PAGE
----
Defeat of Jesse James Days organizers say Northfield’s draft Riverfront Enhancement Plan, while calling for changes to the downtown district as a way to make the community a more desirable place to live, jeopardizes the future of the city’s signature celebration.
Main components of the plan, introduced during a Sept. 9 meeting, call for the city to entirely develop Ames Park on the northeast corner of Fifth Street and Hwy. 3, start planning for a multi-use building for Babcock Park/rodeo grounds, and implementing canoe/kayak water access for the Cannon River. Another major component of the plan calls for the city to complete its local/regional trail system by planning and installing a comprehensive wayfinding system, and connecting Ames to Sechler Park. However, organizers say those changes would jeopardize the DJJD carnival, car show, truck and tractor pull, and rodeo, which are held on those sites.
A five-day event that honors the townsfolk’s defeat of the notorious bank robbers, the James-Younger Gang, DJJD attracts nearly 250,000 visitors every year to the city.
While firm timelines and cost estimates have not been established for most of the proposed Riverfront projects, the Northfield City Council could approve the draft plan Dec. 1.
The DJJD Committee first posted its concerns late last month on Facebook. The committee said in the 20 months of planning it hadn’t been consulted or told of the possible impact the plan could have on the annual celebration.
“Since the celebration began in 1948, it has seen many changes, but one thing the committee has learned over those years — after trying new and different ideas, faced modifications due to construction and flooding issues — is that the celebration is most successful when all events are held in downtown Northfield, or within walking distance of downtown,” DJJD organizers wrote. “The events impacted by these proposed changes do not have alternate location options that fit that criteria.”
In a reply message, the city noted it is “a proud partner of Defeat of Jesse James Days and values the community gathering each year.” According to the city, the Riverfront Action Plan is not considered a construction plan document but instead “is intended to create enthusiasm and key actions to further enhance Northfield’s riverfront parks into an exciting regional experience.”
“Engaging with property owners and key users before advancing major improvements is recognized as an important future step to facilitate successful implementation,” official wrote. “There will be many opportunities to further explore how future plans can advance the goals of DJJD and the vision to expand more year-round activity.”
During a Nov. 17 council meeting, Community Development Director Mitzi Baker said the plan will likely be implemented over at least 10 to 20 years, adding that when each action is ready to advance, user groups like the DJJD Committee, property owners and other stakeholders will be engaged. Baker noted the city held listening sessions at the beginning of the year, solicited feedback and engaged in discussion at the community board level, adding other anticipated public engagement has not taken place due to the pandemic.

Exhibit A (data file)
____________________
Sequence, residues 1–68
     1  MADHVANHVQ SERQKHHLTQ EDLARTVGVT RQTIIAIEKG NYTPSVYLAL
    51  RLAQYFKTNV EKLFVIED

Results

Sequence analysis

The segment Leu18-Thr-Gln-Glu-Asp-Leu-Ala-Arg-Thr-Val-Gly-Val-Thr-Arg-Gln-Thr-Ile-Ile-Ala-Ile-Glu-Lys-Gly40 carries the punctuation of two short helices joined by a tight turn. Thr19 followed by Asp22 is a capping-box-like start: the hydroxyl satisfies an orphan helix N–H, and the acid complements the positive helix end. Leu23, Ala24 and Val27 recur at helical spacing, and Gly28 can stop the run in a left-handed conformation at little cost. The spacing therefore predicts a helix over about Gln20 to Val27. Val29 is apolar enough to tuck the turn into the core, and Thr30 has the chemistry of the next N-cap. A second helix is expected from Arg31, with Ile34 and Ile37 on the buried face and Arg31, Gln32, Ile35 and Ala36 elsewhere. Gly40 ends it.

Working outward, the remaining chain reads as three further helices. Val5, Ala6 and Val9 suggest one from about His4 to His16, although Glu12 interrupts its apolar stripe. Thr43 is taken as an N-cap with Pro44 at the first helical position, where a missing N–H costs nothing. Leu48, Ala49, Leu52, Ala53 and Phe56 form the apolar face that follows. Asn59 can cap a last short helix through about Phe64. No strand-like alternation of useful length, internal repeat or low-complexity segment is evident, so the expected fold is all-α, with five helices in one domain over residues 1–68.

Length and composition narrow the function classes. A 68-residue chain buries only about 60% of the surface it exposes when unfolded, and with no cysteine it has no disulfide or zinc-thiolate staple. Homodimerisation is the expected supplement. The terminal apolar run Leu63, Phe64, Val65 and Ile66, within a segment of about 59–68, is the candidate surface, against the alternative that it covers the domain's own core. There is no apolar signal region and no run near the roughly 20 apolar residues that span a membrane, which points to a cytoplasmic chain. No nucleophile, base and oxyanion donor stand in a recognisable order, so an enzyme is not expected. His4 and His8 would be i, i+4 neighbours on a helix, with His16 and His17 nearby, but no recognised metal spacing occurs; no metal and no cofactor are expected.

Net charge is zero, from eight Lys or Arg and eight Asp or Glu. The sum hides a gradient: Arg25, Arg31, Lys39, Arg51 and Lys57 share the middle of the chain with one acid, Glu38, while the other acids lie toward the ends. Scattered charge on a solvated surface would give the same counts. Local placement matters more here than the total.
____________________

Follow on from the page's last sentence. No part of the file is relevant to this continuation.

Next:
“It is possible some of the DJJD activities could co-exist with final designs and still support year-round activation of the parks,” Baker said. “Future design and coordination initiatives will be necessary to resolve outstanding questions for each of the project areas.”
During the council meeting, DJJD Committee Chair Galen Malecha said he is looking forward to an upcoming meeting with Northfield City Administrator Ben Martig, Mayor Rhonda Pownell and Riverfront Enhancement Committee members.
“There’s a lot of anxiety on our part,” he said of the proposal.
The Riverwalk, built along both sides of the Cannon River over an approximately quarter-mile stretch in the downtown, is often called the “crown jewel” of Northfield. But it’s one of the few places in the city where the river is incorporated into the design and used as an amenity.
The Northfield City Council approved forming the Riverfront Enhancement Advisory Committee during a November 2018 meeting. The committee was tasked with developing plans and action steps the city could take to better utilize the Cannon River, which cuts through Northfield’s heart. Making improvements along the riverfront was a specific goal listed under economic development within the city’s 2018-20 strategic plan. The committee determined what areas of the river/riverfront should be targeted for improvement and suggested ways to do so.
The plan includes completing the Mill Towns Trail, adding bike lanes to downtown bridges and mowing the temporary trail on city land along the west side of the Cannon River. The plan also calls for the city to explore the transfer of the Ames Mill Dam, owned by Post Consumer Brands/Malt-O-Meal, to the city and transforming it into “an exciting and rare whitewater experience.” The plan suggests conducting a dam study recommended by Minnesota Department of Natural Resources staff, assessing alternatives for the future of the dam and applying for grant funding for the new dam’s design and construction.
Promoting the city’s economic development and its role as a tourist destination is also included. Immediate action could include exploring incentives to improve the riverside facades of downtown buildings, working with one or more businesses on pilot projects and applying for grant funding. The plan also calls for the city to begin the application process to apply for formal state designation as a regional park by June 30.